Brainard Lake
Red Rock Lake

I returned to Lake Isabelle a couple months later with a friend, and what a difference two months makes! The water levels were much lower, the snowfields on the surrounding mountains had melted, and most leaves had fallen.

Long Lake in September
Lake Isabelle in September

I’ve since returned to Brainard Lake three additional times: once in early fall with my family, once in the winter on a snowshoe trip with the local chapter of Women Who Hike, and once with Pat on cross country skis. Unfortunately, it was so windy that many of my winter photos just look like a frozen lake shrouded in white. This entire area is obscenely windy, but especially in the winter this is something to plan for. However, when you get out of your car at the winter parking lot and the wind gusts blow you off balance, don’t be discouraged; the trails are in the trees and much more sheltered. It’s just the parking lot and the lakes that are extremely gusty.


(photo credit: Women Who Hike Colorado)
Winter at Red Rock Lake
Winter at Brainard Lake

The Important Stuff:

  • Getting there: Located on Brainard Lake Road 50 mins west of Boulder, just a few miles outside the tiny town of Ward. The road is steep and curvy but paved and well-maintained. The rec area is closed to cars in the winter, but you can park outside the gates at the winter lot and enter on foot.
  • Fees and passes: Brainard Lake Rec Area is administered by the Forest Service and there is an $12/day entrance fee during peak season; interagency passes are accepted. Beginning in 2021, you must also have a timed entry parking permit to drive into the rec area. If you can’t get a permit, you can park at the winter lot and walk in but it will add about 5 miles (8 km) round-trip to your hike. In winter, no fee is charged and no permits are needed.
  • Hiking: Mitchell trailhead – Mitchell Lake (1 mi/1.6 km round-trip) and Blue Lake (additional 2 miles/3.2 km each way); Long Lake trailhead – Long Lake (0.25 mi/0.3 km round-trip) and Lake Isabelle (additional 2 miles/3.2 km each way)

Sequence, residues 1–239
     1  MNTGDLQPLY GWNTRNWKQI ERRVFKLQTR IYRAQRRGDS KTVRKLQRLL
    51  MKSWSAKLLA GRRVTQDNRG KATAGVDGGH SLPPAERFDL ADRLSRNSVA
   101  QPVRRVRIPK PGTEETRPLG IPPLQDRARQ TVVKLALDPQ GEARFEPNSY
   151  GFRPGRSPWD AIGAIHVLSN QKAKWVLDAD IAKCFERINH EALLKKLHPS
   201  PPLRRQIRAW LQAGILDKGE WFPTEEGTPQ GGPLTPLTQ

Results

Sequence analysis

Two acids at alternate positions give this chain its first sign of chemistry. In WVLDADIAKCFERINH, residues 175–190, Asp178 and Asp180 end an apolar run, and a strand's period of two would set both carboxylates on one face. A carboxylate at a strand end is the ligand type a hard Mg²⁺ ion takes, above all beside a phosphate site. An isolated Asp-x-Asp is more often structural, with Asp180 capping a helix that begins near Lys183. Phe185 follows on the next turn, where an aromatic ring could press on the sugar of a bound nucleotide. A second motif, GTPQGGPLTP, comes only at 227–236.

• Where to stay: Pawnee Campground has a few sites available; reserve in advance, it fills up very quickly. For non-camping options, Boulder is the closest city and has many lodging opportunities
  • Other: Beware of moose. I’ve never not seen a moose when I’ve visited here in the summer. They are beautiful animals but they’re also enormous and can be aggressive. If you see one, keep your distance. Also, dogs are required to be leashed here for many reasons, but one of the most important reasons is to prevent dog/moose encounters (moose can run, bite, and kick… your dog will not win that fight)

22 thoughts on “Six of one, a dozen of the other – Brainard Lake Recreation Area, Colorado”

  1. You’re right, that IS an insanely beautiful area. I can totally understand the popularity. Plus, MOOSE!!! It seems like you’re really taking advantage of Colorado. Are you liking it otherwise/other than the great outdoor activities?


    1. We mostly are. The job market is a little tough, I think since so many people are moving to the area, so that might ultimately be the deciding factor for if we stay here long term. And Denver is bigger than we want, neither of us are big city people. We’ve discussed maybe moving up to Fort Collins eventually. But aside from those two things we have no complaints!

      Liked by 1 person

      1. Denver is definitely huge and it can feel even bigger given the traffic. But what a great location for outdoors stuff even if it’s not long term. It seems like you’re definitely taking advantage of the location. I hope you’ll find s good balance between employers and population and outdoor opportunities. For now I’m certainly enjoying your posts! 😉

        Liked by 1 person

  2. What a beautiful spot – definitely merits the early start! I wish I had walks like that on my doorstep 🙂 Nice you’ve been able to see it through the seasons, too. I love the snowy scenes!

    Liked by 1 person

  3. Even though the parking lots are full, it looks like hikers get spread over the trails as your photos look very peaceful and crowd-free. Good for you for getting up so early. You got some breathtaking photos in that beautiful morning light.

    Liked by 1 person

    1. They do, there are a couple other longer trails up here too and some people just spend the day at Brainard Lake, so at least we weren’t all tripping over each other trying to get places. Definitely worth it to get there nice and early though (and not just for the moose photos 😊)

      Liked by 1 person

Leave a Reply

Fill in your details below or click an icon to log in: Logo

You are commenting using your account. Log Out /  Change )

Twitter picture

You are commenting using your Twitter account. Log Out /  Change )

Facebook photo

You are commenting using your Facebook account. Log Out /  Change )

Connecting to %s

This site uses Akismet to reduce spam. Learn how your comment data is processed.